Tips for searching Craiglist with the best results?  Use the CraigsPro app.  It’s far better than the actual website.  You can set up searches and it will notify you when there is a match.  You can also mark your favorites (which you can do online, too.)

Use the search limiting functions.  I usually start my searches looking only at items that are listed from $5 to $75.  It’s a pet peeve of mine when people put $1 in the cost for the listing, so I just start above there.  Sort from the lowest price up, then check the most recent listings.  But don’t forget to check the oldest listings.  If the item is still around, the seller may be very willing to negotiate and get rid of the thing they’re selling!  Once you’ve skimmed through the items up to $75, you can then go higher if you want.  Remember – the price is just what the seller is asking.  It by no means is what you are required to pay…it’s all up for negotiation, unless the seller says the price is firm.

Check different sections – Antiques, Furniture, General, Household, and yes, Garage Sale.  People list stuff everywhere, it seems.

Use keywords: cabinet, bookshelf/shelves, hutch, storage, drawers, and wood are all some of my go-to’s.

If you want to see if you can get a better price than what’s listed, I have found a good way is to simply write, “Would you be willing to work with me at all on price, please?” and then offer to pick the item up at their convenience.
Hard to say no to that… in my opinion. :-)

Hope Fall is fantastic wherever you are.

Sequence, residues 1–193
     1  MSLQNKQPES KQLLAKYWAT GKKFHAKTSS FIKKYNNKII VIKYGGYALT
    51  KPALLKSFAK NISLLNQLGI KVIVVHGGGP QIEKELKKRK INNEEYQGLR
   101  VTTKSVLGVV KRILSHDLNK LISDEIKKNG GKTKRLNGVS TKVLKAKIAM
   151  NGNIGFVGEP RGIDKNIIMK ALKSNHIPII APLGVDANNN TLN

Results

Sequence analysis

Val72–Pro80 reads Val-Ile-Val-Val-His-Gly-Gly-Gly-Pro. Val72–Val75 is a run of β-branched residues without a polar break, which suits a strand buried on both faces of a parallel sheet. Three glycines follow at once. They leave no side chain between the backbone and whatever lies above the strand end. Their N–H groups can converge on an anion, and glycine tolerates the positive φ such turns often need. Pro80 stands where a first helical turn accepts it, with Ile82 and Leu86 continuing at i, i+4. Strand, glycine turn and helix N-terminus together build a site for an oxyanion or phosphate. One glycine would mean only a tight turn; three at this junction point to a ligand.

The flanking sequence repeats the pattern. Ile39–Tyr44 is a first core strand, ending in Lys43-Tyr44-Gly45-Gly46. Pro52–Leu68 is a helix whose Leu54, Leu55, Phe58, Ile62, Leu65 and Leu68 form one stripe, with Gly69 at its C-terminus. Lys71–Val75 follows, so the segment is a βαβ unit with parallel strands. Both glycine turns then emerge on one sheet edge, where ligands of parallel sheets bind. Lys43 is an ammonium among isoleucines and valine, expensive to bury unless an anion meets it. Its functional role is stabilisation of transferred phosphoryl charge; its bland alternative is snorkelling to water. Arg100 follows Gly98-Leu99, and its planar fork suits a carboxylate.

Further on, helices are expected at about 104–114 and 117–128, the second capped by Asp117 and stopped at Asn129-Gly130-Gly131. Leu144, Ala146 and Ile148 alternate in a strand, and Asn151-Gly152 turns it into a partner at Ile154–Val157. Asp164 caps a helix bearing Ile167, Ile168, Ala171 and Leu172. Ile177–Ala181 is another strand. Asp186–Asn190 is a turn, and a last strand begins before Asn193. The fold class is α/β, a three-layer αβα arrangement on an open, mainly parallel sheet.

Cheers!

XO,
Anne

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It’s week FOUR, people, and things are hoppin’ in this bathroom.

Did I already mention that the toilet got re-installed?  Woo hoo! No more potty trips to the gas station for us. :-)

Besides that, we the last week putting up subway tile – and some coordinating white trim tile – from the tub all the way up to the ceiling.  It was my choice to run it all the way up.  It was a little extra work, but I don’t regret it one bit.

Getting the first, bottom row of tile straight was probably the most stressful part.  Shims – those little wood sticks – are crucial.  They kept the tiles from sliding down while the mortar was setting.  We used chalk lines and levels and our eyeballs to make sure nothing got out of line in that first row.

I chose subway tile for this bathroom for several reasons.  It is a great price performer.  Looks polished, fresh, and classic. It is the Little White Dress of kitchens and bathrooms as far as I am concerned.  I’ve used it before in two of my houses, and I’d use it again in a heartbeat.  White subway tile can do no wrong in my book.  When in doubt, use white subway tile.

These tiles were self-spacing, which just means they had slight ridges on the edges that save you from having to use spacers.  Just put your mortar on the back, and press it on the wall.  Slick it and stick it, as I like to say.  (Make sure it’s level, of course.)

Now it’s time for me to introduce you to my new bestie.  RIDGID’s 8 inch wet tile and paver saw and stand, which you can find at the Home Depot.

This thing rocks.  The tiles that needed to be cut for this bathroom were probably a couple hundred, including floor and walls.  Using an inferior machine to do that, or trying to rush because we had rented  one would not have been fun.

 The folks at RIDGID and the Home Depot supplied us with this saw, and I’m not sure I can adequately express how grateful we were to have it.  We wanted to do something good to help out our friend (she needed a new bathroom, badly in case you missed it.)  And RIDGID and the Home Depot decided to do something to help us (we needed a tile saw, badly.)  This is a win-win.